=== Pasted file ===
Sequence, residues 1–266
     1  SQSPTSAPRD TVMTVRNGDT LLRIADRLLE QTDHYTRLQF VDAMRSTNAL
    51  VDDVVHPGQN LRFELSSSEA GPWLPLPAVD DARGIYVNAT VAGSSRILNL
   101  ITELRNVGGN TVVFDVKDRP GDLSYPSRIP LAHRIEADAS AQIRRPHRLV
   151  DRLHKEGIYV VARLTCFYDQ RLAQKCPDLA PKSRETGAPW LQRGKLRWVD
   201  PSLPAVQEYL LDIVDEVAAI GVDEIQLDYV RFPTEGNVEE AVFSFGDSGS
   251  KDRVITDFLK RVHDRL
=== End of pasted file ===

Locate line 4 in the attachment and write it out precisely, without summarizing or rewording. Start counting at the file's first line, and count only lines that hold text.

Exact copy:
   101  ITELRNVGGN TVVFDVKDRP GDLSYPSRIP LAHRIEADAS AQIRRPHRLV